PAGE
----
Without a clear diagnostic sign in the PSG, sleep experts acting for the defense were likely to base their testimony on their judgment of the accused's truthfulness during a pre-trial interview, a history of prior witnessed SW, and the similarity of their behaviors before, during, and following the event to those in published case studies. Some of these characteristics were based on formal research, such as early SWS arousal with long lasting confusion and amnesia following,6 while others were extracted from a review of published case reports, showing non-rational behavior during the episode, amnesia, perplexity, and regret afterward.14 These became the basis of the formal clinical diagnosis of SW for the American Academy of Sleep Medicine15 and of the American Psychiatric Association.16

Sleep experts who acted for the prosecution were more likely to base their testimony on their judgment that the accused's actions were premeditated; motivated by a prior negative relationship with the person attacked; or, in the case of sexual behaviors, that the accused took advantage of an opportunity that presented itself. In some cases the prosecution's sleep expert argued the act was not sleep-related but planned during wakefulness and carried out while the accused was fully conscious.17 If the accused had been drinking alcohol prior to the event, the prosecution's expert held that this was a voluntary behavior and therefore the accused was legally responsible for any aggressive or sexual acts that took place subsequently, even if these followed an arousal from SWS.18


This difficulty concerning proof of SW changed in 2000 with the publication of two independent studies reporting new PSG findings in sleepwalkers not found in age- and gender-matched controls.19,20 A third study reporting the same major findings followed in 2001.21 These studies were carried out by independent investigators in different laboratories, in different countries. All three reported the same two significant differences.

SW demonstrated more disrupted sleep, whether reported as microarousals, wake after sleep onset (WASO), arousals, awakenings, or an abnormal amount of cyclic alternating pattern (CAP A2 and A3).22 This sleep fragmentation was significantly higher in the SWS of the SW than in the C groups. Figure 1 shows CAP episodes preceding a SW event recorded in the Stanford laboratory. Difficulty maintaining sleep in the first third of the night could now be considered a characteristic of a NREM parasomnia, as it was observed in all three studies to be significantly higher in SW than in C subjects only in the first third of the night, when most SW events occur. Those who arouse from REM sleep, REM behavior disorder (RBD), may also be aggressive but differ in demographics and PSG characteristics from NREM SW, and none have to date become published forensic cases.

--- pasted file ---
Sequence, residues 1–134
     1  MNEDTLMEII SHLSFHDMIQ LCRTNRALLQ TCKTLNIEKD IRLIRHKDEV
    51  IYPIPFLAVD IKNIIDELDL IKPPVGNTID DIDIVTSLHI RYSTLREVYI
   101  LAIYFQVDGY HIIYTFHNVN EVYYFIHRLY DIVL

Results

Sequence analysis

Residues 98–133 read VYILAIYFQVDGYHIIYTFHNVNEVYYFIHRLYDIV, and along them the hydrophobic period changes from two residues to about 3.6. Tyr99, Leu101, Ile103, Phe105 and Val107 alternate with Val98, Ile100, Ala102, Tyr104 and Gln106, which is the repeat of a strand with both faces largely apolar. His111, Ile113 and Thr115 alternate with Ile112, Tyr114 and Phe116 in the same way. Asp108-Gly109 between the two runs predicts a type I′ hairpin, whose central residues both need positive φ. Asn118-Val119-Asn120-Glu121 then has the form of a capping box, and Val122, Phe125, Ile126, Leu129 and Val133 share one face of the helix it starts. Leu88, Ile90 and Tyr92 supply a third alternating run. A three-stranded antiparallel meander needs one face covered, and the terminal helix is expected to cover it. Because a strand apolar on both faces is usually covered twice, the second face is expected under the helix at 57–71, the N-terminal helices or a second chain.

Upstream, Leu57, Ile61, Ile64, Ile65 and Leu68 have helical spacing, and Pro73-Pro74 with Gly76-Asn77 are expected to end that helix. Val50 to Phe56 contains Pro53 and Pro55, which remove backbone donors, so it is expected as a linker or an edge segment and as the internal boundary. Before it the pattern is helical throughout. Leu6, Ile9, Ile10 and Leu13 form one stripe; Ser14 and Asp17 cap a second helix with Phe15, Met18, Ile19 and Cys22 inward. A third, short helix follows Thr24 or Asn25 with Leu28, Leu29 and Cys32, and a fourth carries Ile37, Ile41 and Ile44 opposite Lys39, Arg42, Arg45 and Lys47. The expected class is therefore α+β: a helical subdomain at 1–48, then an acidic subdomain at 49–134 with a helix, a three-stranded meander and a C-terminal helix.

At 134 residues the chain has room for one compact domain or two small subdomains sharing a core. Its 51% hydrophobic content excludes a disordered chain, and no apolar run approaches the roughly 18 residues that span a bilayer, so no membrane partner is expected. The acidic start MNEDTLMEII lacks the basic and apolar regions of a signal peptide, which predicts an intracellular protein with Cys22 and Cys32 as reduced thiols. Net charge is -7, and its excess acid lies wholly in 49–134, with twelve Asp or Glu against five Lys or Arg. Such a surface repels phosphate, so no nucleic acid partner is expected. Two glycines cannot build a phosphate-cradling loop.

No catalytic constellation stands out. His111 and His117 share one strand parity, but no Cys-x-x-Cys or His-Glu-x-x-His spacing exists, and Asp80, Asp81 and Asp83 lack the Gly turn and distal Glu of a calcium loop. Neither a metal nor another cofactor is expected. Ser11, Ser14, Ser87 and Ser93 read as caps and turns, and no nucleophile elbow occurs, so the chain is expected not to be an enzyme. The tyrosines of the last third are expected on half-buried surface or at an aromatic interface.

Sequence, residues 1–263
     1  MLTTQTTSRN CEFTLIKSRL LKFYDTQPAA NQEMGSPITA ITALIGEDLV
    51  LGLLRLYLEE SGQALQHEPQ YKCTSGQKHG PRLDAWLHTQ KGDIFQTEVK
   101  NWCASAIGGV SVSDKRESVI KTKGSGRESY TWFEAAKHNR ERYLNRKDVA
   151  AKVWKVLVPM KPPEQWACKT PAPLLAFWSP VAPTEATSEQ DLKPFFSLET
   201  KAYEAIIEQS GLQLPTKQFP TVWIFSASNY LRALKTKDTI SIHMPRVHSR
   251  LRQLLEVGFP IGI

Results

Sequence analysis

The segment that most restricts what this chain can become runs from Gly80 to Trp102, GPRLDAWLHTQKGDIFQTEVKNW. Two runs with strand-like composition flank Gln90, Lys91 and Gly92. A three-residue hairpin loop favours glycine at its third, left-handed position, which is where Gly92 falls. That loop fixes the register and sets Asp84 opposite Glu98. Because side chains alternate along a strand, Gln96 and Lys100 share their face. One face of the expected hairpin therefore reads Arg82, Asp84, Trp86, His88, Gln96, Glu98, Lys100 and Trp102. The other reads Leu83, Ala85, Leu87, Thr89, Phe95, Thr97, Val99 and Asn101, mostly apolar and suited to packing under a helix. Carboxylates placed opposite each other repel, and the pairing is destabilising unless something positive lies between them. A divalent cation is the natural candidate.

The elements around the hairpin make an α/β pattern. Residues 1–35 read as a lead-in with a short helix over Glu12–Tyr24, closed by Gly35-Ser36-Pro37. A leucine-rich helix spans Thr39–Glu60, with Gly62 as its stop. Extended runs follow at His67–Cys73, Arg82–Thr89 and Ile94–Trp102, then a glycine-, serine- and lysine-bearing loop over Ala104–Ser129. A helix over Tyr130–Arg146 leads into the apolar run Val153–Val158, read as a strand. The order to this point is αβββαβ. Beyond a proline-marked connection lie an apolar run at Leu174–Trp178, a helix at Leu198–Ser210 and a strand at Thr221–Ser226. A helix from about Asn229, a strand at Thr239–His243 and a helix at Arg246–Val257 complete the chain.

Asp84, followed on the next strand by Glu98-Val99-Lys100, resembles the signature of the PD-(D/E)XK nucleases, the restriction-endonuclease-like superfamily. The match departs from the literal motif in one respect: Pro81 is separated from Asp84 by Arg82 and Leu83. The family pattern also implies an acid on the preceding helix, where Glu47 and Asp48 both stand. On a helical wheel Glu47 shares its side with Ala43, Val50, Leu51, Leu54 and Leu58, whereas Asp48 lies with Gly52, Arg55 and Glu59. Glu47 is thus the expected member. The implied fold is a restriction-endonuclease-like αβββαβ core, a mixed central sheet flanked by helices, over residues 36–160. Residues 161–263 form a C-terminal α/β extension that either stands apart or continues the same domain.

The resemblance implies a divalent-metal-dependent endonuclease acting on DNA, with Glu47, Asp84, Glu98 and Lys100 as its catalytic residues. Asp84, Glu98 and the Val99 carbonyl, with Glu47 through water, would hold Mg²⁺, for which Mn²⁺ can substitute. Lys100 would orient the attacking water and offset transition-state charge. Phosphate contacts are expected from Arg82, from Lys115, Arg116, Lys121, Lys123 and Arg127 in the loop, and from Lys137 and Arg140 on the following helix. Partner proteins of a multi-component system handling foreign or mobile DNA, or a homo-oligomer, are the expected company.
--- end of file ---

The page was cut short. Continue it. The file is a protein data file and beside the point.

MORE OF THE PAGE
Example of CAP incidents prior to a sleepwalking event.

(Courtesy of C. Guilleminault).


Figure 1

Example of CAP incidents prior to a sleepwalking event.(Courtesy of C. Guilleminault).

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The second finding is a difference in the amount of SWA. This is lower throughout the night in SW than in matched controls and is significantly lower in the first NREM cycle. The analysis of the PSG responsible for this finding is not the Rechtschaffen and Kales (R&K)23 delta percent but the more precise spectral analysis scoring (fast Fourier transform [FFT]) yielding the count of SWA in each NREM cycle.

These new findings did not, however, settle the concern expressed about sleep experts testifying in court, as stated in a recent publication, “…there is absolutely no after-the-fact polysomnographic finding that could possibly have any relevance as to whether the accused was sleepwalking at the time of the event in question.”24 This overlooks the extensive literature that spectral analysis scoring shows high reliability within individuals to reproduce their profile of the frequency of the various EEG wave forms across non-consecutive nights, including the delta power, under normal and sleep deprivation conditions.2528 The objective of this study is to test the SWA in a forensic case to determine if it was significantly low in the first NREM cycle and if that indicated the presence of a predisposing condition and possibly a sleep problem which could be treated.


In 2007 a patient, CD, on advice of his lawyer, presented to a sleep laboratory for an evaluation of SW. He was turned down as a patient because his SW was the issue in a pending legal case. The patient then applied to the Sleep Disorder Service at Rush University Medical Center where he was seen by two senior clinicians, both boarded in Sleep Medicine, a neurologist and a psychologist. The patient's wife (LD) also attended the intake interview.